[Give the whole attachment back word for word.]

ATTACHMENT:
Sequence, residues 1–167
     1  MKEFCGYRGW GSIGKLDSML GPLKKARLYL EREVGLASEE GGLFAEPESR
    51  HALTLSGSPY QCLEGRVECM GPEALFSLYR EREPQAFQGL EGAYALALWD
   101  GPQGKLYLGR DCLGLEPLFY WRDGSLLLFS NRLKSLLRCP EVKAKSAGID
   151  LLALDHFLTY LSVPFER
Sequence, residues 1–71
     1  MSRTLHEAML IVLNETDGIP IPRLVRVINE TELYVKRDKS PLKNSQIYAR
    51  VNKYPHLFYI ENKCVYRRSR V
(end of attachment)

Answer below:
Sequence, residues 1–167
     1  MKEFCGYRGW GSIGKLDSML GPLKKARLYL EREVGLASEE GGLFAEPESR
    51  HALTLSGSPY QCLEGRVECM GPEALFSLYR EREPQAFQGL EGAYALALWD
   101  GPQGKLYLGR DCLGLEPLFY WRDGSLLLFS NRLKSLLRCP EVKAKSAGID
   151  LLALDHFLTY LSVPFER
Sequence, residues 1–71
     1  MSRTLHEAML IVLNETDGIP IPRLVRVINE TELYVKRDKS PLKNSQIYAR
    51  VNKYPHLFYI ENKCVYRRSR V